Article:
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POMDO

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101

POMDO

Size 19,5 cm

Stone - 19,5 cm
Comiondo, Sierra Leone

Published:
Fabulous Ancestors: Stone carving from Sierra Leone and Liberia, 1974, p. 58-59

Provenance:
Private collection, Monrovia
Luciano Lanfranchi collection, Milano
Private collection, Belgium

Vision of a lost world

The collection of Sapi stone figures of Luciano Lanfranchi, by Frederick. J.Lamp

The ancient stone figures of Sierra Leone and bordering Guinea and Liberia are truly one of the great wonders of Africa. They shine a small but focused light on the Sapi civilization existing before the coming of the Europeans that seemed to have a florescence by the end of the first millennium, CE. André Alvares d’Almada, an Afro-Portugueseresident of Cape Verde who visited the Upper Guinea Coast and reported to the Portuguese crown, wrote in 1594 of the Sapi that “the majority are given to pleasures and feasts which they continually have, for the land has everything in abundance.”1 The English trader, John Sparke, in 1564, shortly after the Mande invasion of approximately 1550, wrote of the encounter of the Sapi and the Mande groups invading at that time: “These Sapies are more civil than the Samboses [i.e., the Mande]. The Samboses war against the Sapies for covetousness of their riches.”2 The final dates of the carving of these stone figures for their own ritual use probably coincide with these invasions, in which the Mande invaders seized power and severely subjugated the Sapi.

How far back these stone figures can be dated is unknown at this point. But similar figures in wood still extant have been carbon-dated as far back as the tenth century CE.3 This predates the Mali Empire, and coincides with the empire of ancient Ghana. The Sapi apparently were not imperialistic, but they have certainly left a superior artistic legacy.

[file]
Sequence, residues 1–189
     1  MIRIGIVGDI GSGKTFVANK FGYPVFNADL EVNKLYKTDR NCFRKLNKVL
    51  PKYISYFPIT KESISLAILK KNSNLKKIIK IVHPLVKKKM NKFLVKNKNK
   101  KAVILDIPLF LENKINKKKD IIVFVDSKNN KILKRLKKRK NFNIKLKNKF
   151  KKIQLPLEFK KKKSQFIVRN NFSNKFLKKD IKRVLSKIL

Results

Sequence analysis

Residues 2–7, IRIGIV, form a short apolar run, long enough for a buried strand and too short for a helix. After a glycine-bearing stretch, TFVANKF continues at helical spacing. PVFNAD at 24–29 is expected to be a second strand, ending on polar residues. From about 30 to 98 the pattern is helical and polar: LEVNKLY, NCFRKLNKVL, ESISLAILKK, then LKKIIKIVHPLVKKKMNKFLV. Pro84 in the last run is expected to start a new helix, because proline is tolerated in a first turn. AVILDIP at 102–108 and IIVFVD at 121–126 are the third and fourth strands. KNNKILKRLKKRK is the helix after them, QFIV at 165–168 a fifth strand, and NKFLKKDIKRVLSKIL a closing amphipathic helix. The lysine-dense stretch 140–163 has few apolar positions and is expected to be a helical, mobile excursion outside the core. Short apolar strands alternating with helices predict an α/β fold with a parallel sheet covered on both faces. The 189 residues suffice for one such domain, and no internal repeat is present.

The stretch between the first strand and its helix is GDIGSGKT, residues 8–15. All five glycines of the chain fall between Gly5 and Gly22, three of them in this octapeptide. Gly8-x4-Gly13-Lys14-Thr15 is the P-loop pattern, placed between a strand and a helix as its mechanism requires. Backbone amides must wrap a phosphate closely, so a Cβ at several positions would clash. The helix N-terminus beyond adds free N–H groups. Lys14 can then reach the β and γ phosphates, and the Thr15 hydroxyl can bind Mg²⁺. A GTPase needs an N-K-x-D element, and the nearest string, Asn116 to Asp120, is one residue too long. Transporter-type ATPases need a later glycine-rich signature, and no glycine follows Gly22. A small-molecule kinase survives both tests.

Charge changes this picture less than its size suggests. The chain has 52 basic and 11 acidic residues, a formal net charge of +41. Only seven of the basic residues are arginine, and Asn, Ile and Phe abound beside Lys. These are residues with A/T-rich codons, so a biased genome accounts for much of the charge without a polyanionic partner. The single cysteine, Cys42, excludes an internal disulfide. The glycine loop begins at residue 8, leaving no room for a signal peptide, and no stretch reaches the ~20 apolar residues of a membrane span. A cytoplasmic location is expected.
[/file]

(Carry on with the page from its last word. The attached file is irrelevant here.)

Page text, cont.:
The figures here demonstrate the wide variety of representations and the broad geographical area that are their source. Basically there are two regional styles here, originating, on the one hand, on the Atlantic coast of southern Sierra Leone, in the territory of the Southern Bullom or Sherbro today, and, on the other, on the inland border of Sierra

Leone and Guinea, mostly among the Kissi. The coastal style is characterized by huge popping eyes with heavy eyelids, a broad flat nose, and huge lips, usually seated on a socle, with a hole bored on the top of the head. The inland style figures have small, beady, outlined eyes, usually with an open mouth and teeth bared, elaborate coiffure, often kneeling, without a socle. The large head is probably from central Sierra Leone, featuring extremely heavy eyelids, earrings and nose rings, and an elegant, knobbed coiffure, probably depicting a Sapi king (76).

There are some extraordinary specimens here with unique or rare features. The two animals (85), perhaps in combat, are a well-executed example of a type seldom seen. Some of the inland figures and heads show elaborate scarification on the cheeks, neck and abdomen, this same incising can be seen on the two Kissi wood figures (77, 84). Notice the fine braiding on the forehead of the small head fragment (97). One of the inland kneeling figures seems to be holding a cup, another some kind of rod. Several figures from the inland region are richly covered with decorative designs from head to foot. The seated coastal figure on a socle seems to be holding a bag (89). One tiny inland male figure with a high hair crest holds a smaller figure before him (88), as is seen on other figures from this region, probably indicating a hierarchy. One of most unusual figures, perhaps unique, is the kneeling figure in the coastal style seemingly holding a horizontal animal mask on his head (92). This mask resembles a number of masks used today among the Temne, Bullom, and Baga, all descendants of the ancient Sapi. The figures are a testament to the cultural and artistic wealth of the ancient Sapi peoples.

Frederick John Lamp, August 2019.